Omega-3 fatty acids: Small but important antihypertensive effect

June 04, 2007

Shiga, Japan - Omega-3 polyunsaturated fatty acids (PFAs) from foods such as fish, nuts, seeds, and vegetable oils appear to have a small antihypertensive effect, according to the first comprehensive population-based study to look at this issue [1].

Dr Hirotsugu Ueshima (Shiga University, Japan) and colleagues conducted INTERMAP, an international cross-sectional epidemiologic study, in almost 5000 men and women in China, Japan, the UK, and the US. They report their findings online June 4, 2007 in Hypertension.

"A large percentage of people between the ages of 20 and 60 have a rise in blood pressure, and by middle age many have high blood pressure. We're looking at dietary factors that may help prevent that rise, and omega-3 fatty acids are a small but important piece of the action," says coauthor Dr Jeremiah Stamler (Feinberg School of Medicine at Northwestern University, Chicago, IL) in an American Heart Association media release.

Japanese have highest consumption of omega-3 PFAs

The researchers explain that short-term studies had already indicated that taking dietary supplements of omega-3 PFAs could lower blood pressure in people with hypertension, but the impact of omega-3 PFAs in food and in people without hypertension was previously unknown.

INTERMAP is a large study of lifestyle factors, particularly diet habits and nutrients, and their influence on blood pressure in 4680 men and women, ages 40 to 59, living in 17 different areas of Japan, China, the UK, and the US, constituting an ethnically diverse population from a variety of socioeconomic backgrounds. All participants completed four in-depth 24-hour dietary recalls and two timed 24-hour urine collections, supplied information on their use of alcohol, dietary supplements, and medications, and had their blood pressure measured twice at each of four study visits.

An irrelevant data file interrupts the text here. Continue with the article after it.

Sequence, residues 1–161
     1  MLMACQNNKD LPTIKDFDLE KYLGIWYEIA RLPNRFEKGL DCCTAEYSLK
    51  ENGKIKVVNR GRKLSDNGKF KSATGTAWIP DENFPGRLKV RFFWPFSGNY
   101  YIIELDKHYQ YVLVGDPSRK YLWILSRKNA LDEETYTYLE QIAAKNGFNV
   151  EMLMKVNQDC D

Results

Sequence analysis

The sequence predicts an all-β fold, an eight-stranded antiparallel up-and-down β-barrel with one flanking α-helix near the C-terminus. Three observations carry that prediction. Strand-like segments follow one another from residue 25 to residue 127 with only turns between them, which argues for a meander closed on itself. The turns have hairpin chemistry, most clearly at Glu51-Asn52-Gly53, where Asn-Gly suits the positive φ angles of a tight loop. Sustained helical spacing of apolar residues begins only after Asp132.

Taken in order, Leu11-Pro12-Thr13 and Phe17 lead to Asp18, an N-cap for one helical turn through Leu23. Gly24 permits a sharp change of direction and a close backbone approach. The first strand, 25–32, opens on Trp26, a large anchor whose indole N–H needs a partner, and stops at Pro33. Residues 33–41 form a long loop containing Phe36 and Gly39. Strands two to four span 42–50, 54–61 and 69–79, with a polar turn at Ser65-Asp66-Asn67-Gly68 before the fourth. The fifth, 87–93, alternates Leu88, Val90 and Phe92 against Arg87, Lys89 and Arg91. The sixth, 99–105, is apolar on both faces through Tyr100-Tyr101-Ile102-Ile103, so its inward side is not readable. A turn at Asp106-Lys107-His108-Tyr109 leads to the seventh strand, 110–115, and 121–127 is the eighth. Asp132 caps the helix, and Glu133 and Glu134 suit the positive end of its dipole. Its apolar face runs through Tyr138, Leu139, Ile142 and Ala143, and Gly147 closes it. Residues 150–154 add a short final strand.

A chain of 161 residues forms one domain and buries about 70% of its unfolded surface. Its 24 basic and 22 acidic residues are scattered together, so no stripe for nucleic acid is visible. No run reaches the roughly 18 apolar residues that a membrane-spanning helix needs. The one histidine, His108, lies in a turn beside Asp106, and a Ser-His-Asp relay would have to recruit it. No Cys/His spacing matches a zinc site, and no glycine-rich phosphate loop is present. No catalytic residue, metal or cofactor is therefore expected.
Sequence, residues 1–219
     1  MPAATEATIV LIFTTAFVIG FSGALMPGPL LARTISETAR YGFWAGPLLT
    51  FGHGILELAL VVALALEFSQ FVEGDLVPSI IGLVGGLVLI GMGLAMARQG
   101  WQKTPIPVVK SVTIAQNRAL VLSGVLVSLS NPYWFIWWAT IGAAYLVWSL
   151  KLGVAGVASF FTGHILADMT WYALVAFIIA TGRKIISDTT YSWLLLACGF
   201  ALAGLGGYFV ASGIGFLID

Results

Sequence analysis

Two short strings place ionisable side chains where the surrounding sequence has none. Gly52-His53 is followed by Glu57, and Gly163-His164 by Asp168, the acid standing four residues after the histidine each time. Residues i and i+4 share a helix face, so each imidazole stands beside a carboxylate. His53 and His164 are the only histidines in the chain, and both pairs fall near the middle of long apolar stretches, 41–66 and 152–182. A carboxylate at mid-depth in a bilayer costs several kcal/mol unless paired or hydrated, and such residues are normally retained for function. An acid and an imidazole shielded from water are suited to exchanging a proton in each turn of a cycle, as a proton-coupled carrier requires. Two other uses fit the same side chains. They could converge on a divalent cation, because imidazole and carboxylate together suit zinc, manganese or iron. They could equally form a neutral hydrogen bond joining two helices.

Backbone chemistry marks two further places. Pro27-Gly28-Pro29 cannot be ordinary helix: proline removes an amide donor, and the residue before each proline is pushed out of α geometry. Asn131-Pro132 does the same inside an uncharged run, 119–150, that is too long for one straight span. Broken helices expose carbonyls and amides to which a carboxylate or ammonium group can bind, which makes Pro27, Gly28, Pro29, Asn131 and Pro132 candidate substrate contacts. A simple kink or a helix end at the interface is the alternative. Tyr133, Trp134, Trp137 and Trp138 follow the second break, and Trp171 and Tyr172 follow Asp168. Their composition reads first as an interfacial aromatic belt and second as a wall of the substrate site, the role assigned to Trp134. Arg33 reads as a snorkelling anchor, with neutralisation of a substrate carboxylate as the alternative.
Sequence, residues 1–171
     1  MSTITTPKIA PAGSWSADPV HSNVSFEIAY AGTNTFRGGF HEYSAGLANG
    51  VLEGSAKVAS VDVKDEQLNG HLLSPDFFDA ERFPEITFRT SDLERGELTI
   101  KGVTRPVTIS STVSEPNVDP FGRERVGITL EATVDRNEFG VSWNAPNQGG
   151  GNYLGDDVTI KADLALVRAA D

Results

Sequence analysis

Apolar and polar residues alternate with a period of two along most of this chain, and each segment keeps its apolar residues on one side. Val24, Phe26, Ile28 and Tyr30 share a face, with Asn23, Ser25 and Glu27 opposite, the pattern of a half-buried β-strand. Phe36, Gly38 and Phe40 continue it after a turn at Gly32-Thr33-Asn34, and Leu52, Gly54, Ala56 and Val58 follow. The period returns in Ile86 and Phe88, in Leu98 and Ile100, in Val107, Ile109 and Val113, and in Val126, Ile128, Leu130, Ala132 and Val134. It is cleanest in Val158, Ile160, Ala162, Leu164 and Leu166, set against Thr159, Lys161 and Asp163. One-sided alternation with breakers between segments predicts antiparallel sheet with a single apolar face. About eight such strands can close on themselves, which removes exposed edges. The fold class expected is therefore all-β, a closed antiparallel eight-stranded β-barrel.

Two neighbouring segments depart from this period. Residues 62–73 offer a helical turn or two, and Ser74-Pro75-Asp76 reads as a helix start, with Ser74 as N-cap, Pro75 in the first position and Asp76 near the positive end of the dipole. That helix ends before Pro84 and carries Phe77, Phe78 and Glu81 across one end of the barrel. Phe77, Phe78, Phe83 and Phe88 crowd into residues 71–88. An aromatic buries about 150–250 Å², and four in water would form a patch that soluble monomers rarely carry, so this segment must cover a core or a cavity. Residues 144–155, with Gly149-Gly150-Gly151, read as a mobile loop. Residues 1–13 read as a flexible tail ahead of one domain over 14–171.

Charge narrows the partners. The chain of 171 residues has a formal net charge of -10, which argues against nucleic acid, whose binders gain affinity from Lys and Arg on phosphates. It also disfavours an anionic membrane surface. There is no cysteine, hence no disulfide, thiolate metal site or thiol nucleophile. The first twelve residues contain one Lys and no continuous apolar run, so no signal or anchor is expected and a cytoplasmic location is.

The amount of omega-3 PFAs in the diet for all 4680 participants was calculated and found to average around 2.0 g per day. The researchers then compared blood pressure in people consuming higher vs lower amounts of omega-3 PFAs (about 0.7 percentage points higher as a percentage of their daily calorie intake; about 1.9 grams per day higher).

Of the four countries studied, the people in Japan had the greatest intake of omega-3 PFAs, both from vegetable sources and fish.

In general, the effect size of consuming more omega-3 PFAs was small. After multivariate adjustment for factors such as age, gender, height, weight, exercise, alcohol consumption, salt intake, and other dietary factors, diets rich in omega-3 PFAs were associated with <1 mm Hg lower systolic and diastolic blood pressures.

The effect size was larger for nonhypertensive people and for those not reporting lifestyle modification (eg, special diet, use of nutritional supplements), cardiovascular disease, or diabetes, or prescribed medication for major chronic diseases.

But despite the effect being small, it is nevertheless important, say the authors, citing studies that show that a decrease of 2 mm Hg of blood pressure reduces the populationwide average death rate from stroke by an estimated 6% and from coronary heart disease by 4%.

"With blood pressure, every millimeter counts. The effect of each nutrient is apparently small but independent, so together they can add up to a substantial impact on blood pressure," says Ueshima. "If you can reduce blood pressure a few millimeters from eating less salt; losing a few pounds; avoiding heavy drinking; eating more vegetables, whole grains, and fruits and getting more omega-3 fatty acids, then you've made a big difference."

Vegetables and nuts just as important as fish

Ueshima et al say their data from INTERMAP on food omega-3 PFAs and blood pressure "are concordant with results from meta-analyses of randomized trials assessing whether omega-3 PFA supplements (mostly fish oils) influence BP." In particular, "our data are similar qualitatively and quantitatively in indicating a low-order favorable BP effect, including in nonhypertensive persons," they note.

They also found that omega-3 PFAs from nuts, seeds, and vegetable oils—such as walnuts and flaxseed—had just as much impact on blood pressure as omega-3 PFAs from fish sources.

The authors say people should increase their intake of unsalted, cooked fish such as trout, mackerel, herring, and sardines and consume vegetable products high in linolenic acid (an omega-3 PFA), such as unsalted walnuts, flax seed, canola oil, and soy bean oil.

"We want to emphasize that you can get plenty of the omega-3 fatty acids by eating modest portions with a reasonable amount of calories and fat," Stamler says.

And the benefits of omega-3 fatty acids may extend beyond blood-pressure lowering, they add, noting that they have also been shown to favorably influence dyslipidemia and have anticoagulant and antiarrhythmic effects.

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